How secure are biometrics? Can they be compromised?
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They are absolutely secure. We believe that with biometrics only you can be you. And there’s an incredibly high accuracy rate behind the use of biometrics for authentication.
Within biometrics, what is the most secure -fingerprints, iris, voice samples?
Our focus is on fingerprints, face and iris. And each has its merit depending on the use case. We see similar levels of performance accuracy across them, it really depends on the nature of the use case and the kind of experience that you’re trying to create.
How have the challenges for security professionals changed in the last couple of years?
Last couple of years have created this greater interaction between the physical and digital worlds. And that’s the same route our government customers and law enforcement customers have seen. They’ve seen an increasing demand with this kind of merging of physical and digital worlds. We see biometrics becoming even more important in terms of their applications because of those trends. So we’re seeing demand, and the needs of our customers increase in the same way that we’ve just seen our own needs increase.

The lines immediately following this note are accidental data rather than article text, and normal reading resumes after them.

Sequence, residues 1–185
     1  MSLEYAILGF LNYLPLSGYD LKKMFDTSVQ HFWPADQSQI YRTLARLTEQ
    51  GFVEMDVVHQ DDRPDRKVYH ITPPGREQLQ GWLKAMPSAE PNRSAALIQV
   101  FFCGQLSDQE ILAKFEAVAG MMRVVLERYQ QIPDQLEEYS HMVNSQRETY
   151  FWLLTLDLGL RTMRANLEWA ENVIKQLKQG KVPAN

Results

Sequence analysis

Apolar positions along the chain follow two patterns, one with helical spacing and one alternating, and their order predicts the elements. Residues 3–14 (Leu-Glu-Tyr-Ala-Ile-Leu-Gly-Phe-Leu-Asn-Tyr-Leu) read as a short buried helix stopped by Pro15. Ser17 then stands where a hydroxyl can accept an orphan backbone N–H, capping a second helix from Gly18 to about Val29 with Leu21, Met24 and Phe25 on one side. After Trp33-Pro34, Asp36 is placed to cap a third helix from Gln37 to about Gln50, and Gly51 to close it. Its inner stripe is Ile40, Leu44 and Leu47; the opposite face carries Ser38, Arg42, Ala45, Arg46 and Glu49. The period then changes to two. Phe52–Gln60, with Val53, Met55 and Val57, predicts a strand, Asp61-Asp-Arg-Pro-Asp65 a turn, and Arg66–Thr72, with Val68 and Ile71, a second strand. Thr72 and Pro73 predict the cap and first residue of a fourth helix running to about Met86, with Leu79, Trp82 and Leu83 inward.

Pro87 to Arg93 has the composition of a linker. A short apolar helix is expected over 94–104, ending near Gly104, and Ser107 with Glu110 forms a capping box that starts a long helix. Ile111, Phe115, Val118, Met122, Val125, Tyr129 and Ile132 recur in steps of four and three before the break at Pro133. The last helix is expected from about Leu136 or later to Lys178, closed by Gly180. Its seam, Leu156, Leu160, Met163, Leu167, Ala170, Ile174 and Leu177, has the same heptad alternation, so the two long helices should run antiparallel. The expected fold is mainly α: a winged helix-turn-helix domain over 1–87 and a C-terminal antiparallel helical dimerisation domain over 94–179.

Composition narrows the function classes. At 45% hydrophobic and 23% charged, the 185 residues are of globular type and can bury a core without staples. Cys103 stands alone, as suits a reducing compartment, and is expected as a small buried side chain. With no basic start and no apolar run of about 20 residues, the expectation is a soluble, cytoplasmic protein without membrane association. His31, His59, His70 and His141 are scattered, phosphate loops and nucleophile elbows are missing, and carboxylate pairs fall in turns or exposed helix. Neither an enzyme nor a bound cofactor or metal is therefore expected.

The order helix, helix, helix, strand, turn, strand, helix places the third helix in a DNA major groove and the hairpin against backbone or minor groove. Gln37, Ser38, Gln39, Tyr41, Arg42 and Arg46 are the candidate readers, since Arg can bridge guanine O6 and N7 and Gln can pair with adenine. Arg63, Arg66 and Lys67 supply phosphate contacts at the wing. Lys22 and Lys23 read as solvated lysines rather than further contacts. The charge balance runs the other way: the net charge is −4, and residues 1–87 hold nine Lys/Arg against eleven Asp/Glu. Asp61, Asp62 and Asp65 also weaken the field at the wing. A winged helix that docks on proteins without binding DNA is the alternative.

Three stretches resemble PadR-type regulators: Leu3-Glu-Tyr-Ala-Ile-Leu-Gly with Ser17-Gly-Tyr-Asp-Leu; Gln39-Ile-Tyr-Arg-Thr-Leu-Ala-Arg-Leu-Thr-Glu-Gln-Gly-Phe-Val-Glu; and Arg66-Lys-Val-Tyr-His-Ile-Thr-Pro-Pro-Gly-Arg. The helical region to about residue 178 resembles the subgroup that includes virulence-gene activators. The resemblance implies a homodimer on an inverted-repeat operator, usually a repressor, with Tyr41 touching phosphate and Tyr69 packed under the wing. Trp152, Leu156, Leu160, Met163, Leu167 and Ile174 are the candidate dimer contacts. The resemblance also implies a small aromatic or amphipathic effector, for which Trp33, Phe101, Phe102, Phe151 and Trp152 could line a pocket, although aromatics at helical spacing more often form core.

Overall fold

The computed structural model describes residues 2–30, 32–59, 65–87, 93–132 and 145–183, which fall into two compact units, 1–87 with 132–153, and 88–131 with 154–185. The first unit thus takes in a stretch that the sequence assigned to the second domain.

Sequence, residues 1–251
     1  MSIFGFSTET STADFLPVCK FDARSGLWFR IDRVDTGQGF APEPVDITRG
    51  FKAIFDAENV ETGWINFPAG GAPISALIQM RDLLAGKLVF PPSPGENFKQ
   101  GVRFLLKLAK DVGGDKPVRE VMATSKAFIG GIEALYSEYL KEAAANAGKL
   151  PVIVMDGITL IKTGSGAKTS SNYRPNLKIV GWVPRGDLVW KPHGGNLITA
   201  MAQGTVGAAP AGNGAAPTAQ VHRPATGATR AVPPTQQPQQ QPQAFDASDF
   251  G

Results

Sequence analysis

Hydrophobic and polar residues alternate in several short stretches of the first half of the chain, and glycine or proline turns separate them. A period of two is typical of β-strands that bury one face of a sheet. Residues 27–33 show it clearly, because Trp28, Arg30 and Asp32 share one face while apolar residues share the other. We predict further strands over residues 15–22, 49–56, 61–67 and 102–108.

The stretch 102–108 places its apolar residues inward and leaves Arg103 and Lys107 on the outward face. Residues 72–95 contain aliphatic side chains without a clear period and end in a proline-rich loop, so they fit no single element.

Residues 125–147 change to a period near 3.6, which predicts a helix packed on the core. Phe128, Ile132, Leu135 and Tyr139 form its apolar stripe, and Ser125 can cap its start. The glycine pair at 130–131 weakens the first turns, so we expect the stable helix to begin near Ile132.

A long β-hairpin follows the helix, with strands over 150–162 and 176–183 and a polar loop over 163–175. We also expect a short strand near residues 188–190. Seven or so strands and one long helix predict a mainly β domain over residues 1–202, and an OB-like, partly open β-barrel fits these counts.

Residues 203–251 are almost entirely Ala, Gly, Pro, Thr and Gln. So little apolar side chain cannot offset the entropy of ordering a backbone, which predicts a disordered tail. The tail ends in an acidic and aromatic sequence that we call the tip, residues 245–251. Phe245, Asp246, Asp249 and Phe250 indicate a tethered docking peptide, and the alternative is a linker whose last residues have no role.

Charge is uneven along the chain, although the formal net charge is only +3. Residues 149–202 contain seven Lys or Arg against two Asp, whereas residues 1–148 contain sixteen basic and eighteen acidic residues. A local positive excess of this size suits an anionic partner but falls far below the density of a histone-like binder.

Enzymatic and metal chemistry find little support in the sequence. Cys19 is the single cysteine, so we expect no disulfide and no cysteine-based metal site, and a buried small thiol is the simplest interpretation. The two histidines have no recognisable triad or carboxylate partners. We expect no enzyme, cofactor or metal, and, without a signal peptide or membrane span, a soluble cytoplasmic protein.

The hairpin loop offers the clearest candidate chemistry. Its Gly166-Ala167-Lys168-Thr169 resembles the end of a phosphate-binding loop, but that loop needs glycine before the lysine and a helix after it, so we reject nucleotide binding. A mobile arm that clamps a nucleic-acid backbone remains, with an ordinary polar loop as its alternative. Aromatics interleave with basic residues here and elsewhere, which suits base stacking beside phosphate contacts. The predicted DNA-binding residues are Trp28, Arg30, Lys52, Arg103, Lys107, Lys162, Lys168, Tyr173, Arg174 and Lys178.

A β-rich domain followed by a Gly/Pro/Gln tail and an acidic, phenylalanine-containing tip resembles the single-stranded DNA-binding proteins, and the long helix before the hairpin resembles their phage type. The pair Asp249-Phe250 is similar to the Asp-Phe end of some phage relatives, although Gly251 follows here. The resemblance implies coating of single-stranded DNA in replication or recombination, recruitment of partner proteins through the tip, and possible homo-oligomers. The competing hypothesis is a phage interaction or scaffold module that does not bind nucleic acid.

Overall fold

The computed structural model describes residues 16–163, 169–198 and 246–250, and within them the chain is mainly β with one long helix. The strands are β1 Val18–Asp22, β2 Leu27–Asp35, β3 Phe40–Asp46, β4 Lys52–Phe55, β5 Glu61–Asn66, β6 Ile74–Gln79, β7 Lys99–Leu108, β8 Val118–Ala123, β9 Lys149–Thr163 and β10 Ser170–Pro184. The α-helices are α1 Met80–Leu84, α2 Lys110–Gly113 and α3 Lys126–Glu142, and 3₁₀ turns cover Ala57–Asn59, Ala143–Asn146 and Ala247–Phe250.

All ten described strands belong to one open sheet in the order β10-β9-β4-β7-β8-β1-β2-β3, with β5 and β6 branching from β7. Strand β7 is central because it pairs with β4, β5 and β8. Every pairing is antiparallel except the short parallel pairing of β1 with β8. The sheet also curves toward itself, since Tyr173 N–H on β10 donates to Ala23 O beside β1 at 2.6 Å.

In government documents — passports, driving licenses, there is a problem of fakes. How can this be checked?
Our guiding principle is to create documents that are easy to inspect, but hard to reproduce. We embed the latest innovations in terms of security design features that we can build into the physical documents so that they are difficult for someone who doesn’t know the formula behind those security features to be able to reproduce them. But trained people like Border Patrol agents are easily able to visually inspect them and see those security features because they know where to look.